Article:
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The press review catalogues press articles related to la Quadrature's issues, compiled by its volunteers.
See also our French press review.

[FT] Telecoms groups blast EU Net Neutrality plans

European telecoms groups have criticised proposals that would stop them prioritising higher speed or guaranteed access internet services to be voted on by the European parliament this week.

Etno, the telecoms industry body, has sent a letter criticising amendments to so-called net neutrality regulations that aim to protect the freedom of internet access. The joint letter has been sent to the draftswoman of the proposals as well as Neelie Kroes, the European commissioner for the digital agenda.

Ms Kroes will meet chief executives from the largest telecoms groups in the industry on Monday to discuss their concerns about the over-regulation of the sector. […]

Telecoms groups have in the past “throttled” certain bandwidth hogging services such as Youtube and have made a business out of offering higher speed internet to users or guaranteed services to companies.

The letter from Etno said that establishing such principles would affect the provision of specialist services such as telemedicine or e-education, as well as internet provision that can be sold for services such as Virtual Private Networks (VPNs) for business, IP-TV, gaming online and teleconferencing.

Etno also said that the proposed text could introduce restrictions on how traffic was managed on networks.

“This would make an effective management of the network almost unworkable,” it said. “The changes foreseen in the area of open internet, together with the revenue-depressing measures in the area of roaming and the additional layers of regulation for wholesale access products, would result in an unprecedented burden on the EU telecoms sector.”

Luigi Gambardella, Etno chairman, said: “[Monday’s] vote risks derailing the original objectives of the connected continent regulation. If the changes to the open internet provisions are confirmed in the final text approved, the European digital economy will suffer and EU businesses will be put in a difficult competitive situation with respect to other areas of the world.”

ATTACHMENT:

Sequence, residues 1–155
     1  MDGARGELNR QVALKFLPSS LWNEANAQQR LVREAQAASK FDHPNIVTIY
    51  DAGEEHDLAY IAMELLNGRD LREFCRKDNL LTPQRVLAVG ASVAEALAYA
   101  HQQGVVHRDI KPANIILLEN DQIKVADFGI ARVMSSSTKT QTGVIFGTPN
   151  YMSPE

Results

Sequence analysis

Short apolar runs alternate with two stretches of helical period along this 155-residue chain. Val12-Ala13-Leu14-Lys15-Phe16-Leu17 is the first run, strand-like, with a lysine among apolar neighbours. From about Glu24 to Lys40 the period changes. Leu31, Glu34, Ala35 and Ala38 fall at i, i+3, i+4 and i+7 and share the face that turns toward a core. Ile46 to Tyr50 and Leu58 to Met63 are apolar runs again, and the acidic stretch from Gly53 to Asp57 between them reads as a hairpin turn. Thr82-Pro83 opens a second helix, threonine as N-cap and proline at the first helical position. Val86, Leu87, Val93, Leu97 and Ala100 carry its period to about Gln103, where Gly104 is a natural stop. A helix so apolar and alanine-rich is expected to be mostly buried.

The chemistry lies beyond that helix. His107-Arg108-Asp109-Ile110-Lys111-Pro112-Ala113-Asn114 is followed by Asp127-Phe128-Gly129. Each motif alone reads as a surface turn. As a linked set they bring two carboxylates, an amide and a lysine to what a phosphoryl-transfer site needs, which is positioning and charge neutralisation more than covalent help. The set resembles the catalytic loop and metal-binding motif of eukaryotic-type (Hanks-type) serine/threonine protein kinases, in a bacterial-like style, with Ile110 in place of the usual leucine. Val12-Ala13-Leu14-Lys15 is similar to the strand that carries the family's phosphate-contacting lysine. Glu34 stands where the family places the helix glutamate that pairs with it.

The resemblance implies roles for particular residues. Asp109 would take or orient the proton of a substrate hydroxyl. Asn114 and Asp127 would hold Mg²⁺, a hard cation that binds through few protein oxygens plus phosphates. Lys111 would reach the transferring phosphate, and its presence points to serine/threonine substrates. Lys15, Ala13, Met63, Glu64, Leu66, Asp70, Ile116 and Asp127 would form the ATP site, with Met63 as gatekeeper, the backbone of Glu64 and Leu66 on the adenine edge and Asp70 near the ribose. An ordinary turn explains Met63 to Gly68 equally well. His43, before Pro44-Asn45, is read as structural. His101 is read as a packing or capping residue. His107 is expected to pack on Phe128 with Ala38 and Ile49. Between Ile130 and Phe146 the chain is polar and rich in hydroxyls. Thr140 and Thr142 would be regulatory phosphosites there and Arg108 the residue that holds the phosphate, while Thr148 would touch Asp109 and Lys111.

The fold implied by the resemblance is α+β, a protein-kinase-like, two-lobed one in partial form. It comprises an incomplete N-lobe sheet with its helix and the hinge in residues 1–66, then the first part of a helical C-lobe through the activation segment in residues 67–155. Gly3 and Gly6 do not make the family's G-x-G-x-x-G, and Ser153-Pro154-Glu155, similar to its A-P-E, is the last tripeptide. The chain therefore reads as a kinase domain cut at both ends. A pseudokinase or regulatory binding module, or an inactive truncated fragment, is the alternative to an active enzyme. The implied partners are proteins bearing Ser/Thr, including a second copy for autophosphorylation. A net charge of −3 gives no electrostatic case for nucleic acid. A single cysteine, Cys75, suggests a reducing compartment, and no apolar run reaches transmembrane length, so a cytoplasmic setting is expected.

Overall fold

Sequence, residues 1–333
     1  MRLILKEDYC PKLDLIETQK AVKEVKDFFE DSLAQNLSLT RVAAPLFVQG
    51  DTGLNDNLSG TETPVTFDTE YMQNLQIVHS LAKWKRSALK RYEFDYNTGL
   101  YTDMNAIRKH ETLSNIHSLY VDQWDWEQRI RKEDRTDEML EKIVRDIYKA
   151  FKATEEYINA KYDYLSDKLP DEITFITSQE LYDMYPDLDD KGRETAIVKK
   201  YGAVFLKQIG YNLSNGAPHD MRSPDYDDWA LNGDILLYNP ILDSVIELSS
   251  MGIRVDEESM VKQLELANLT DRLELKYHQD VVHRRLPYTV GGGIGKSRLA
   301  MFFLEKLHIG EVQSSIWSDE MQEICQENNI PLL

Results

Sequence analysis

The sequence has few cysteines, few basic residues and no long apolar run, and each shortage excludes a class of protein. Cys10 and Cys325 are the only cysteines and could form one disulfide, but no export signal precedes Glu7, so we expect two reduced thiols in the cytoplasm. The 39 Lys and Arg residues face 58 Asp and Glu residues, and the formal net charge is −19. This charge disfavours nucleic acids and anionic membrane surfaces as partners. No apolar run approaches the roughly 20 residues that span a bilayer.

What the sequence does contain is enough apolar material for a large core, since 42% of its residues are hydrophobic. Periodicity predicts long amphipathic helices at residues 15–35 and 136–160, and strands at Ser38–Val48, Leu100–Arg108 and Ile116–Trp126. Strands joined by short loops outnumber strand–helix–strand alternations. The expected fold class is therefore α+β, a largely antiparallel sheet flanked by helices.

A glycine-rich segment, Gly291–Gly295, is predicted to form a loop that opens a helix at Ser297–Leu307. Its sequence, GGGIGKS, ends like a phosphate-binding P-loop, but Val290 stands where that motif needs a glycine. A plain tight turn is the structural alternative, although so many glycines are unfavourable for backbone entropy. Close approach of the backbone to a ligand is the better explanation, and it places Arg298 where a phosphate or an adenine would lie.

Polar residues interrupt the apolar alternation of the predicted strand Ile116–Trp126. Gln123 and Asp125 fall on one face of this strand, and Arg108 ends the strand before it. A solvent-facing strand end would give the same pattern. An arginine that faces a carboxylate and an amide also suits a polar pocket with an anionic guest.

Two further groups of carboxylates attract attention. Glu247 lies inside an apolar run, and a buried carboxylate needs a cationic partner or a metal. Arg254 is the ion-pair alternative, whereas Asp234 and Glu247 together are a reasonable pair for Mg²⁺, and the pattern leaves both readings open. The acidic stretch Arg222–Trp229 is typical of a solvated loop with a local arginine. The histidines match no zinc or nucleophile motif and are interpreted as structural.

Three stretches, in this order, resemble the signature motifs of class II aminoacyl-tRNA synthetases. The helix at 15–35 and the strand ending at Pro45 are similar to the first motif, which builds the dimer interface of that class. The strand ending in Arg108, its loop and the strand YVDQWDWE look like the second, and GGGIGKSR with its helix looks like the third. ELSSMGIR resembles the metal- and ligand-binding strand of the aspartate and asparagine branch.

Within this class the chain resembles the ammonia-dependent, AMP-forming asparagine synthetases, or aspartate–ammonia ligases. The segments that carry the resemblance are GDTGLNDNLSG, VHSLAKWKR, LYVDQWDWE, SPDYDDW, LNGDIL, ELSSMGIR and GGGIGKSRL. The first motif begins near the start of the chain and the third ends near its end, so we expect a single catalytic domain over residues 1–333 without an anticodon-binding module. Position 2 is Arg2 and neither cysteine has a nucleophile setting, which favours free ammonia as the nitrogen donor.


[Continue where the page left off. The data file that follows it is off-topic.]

The commission wants to agree the proposals before the European elections. If no deal is likely, this will carry through to the next parliament.

[WSJ] Telecoms Step Up Fight Over Net Neutrality

[...] A group of Europe's biggest telecoms, including Deutsche Telekom AG DTE.XE -0.16% and France's Orange SA, ORA.FR -1.42% is fighting provisions in a proposed European law aimed at enforcing net neutrality, a principle that Internet providers shouldn't discriminate against traffic from particular sources.

[...] Telecom providers say they should be free to set aside part of their infrastructure to sell advanced services, such as high-quality video, from particular technology or content companies. [...]

But tech companies and public-interest groups say such plans could lead to a two-tiered Internet, with some types of content available at top speed, but other content getting slower service if providers are unable to pay up.

[DW] EU-Ausschuss nicht einig über Netzneutralität

[...] Bis Mai möchte das Europaparlament entscheiden, wie es zukünftig um die Netzneutralität stehen soll. [...]

"Wenn wir über Netzneutralität diskutieren, sprechen wir in Wirklichkeit über das Schicksal des Internets", meint Felix Treguer von "La Quadrature du Net", einer französischen Aktivistengruppe, die sich für Bürgerrechte im Internet einsetzt.

Allein die Definition von Netzneutralität teilt Aktivisten und Betreiber von Telekommunikationsnetzen in zwei Lager. Treguer forderte die EU auf, Netzneutralität als Gleichbehandlung aller Arten von Internetverkehr, unabhängig von dessen Inhalt, Herkunft und Adressat, zu definieren. Die derzeitige Definition sei viel zu schwammig, dort hieße es lediglich: "Gleichwertiger Verkehr soll gleich behandelt werden". [...]

Viele neue Dienste entwickeln sich gerade und deren erweiterte Struktur bereitet Online-Rechtsgruppen Bauchschmerzen. Denn solche Dienste könnten durchaus eine bevorzugte Behandlung voraussetzen [...].

Gerade das jedoch bemängeln Kritiker wie Felix Treguer von "Quadrature du Net". [...]"Wir müssen sicherstellen", so Treguer, "dass die offene Plattform für Innovation, Wettbewerb und Kommunikationsfreiheit erhalten bleibt."

[DW] EU net neutrality vote addresses fate of Internet

[...] Members of the [European] parliament's Committee on Industry, Research and Energy ( ITRE) will vote on a net neutrality proposal on Monday [today]. [...]

Groups in favor of net neutrality formed an online campaign - Save the Internet - calling on Europeans to contact their EU parliamentarians to enshrine net neutrality in law. [...]

"What we are discussing with the net neutrality debate is the fate of the Internet and the important legal principles that will shape the future of its architecture," said Felix Treguer, a co-founder of La Quadrature du Net, a Paris-based Internet advocacy group that is a part of the Save the Internet campaign. [...]

La Quadrature du Net's Treguer said allowing telecom operators to make deals prioritizing content from big providers, such as Google, Facebook or Amazon, would fundamentally change the Internet by providing faster access to some services and slower access to others.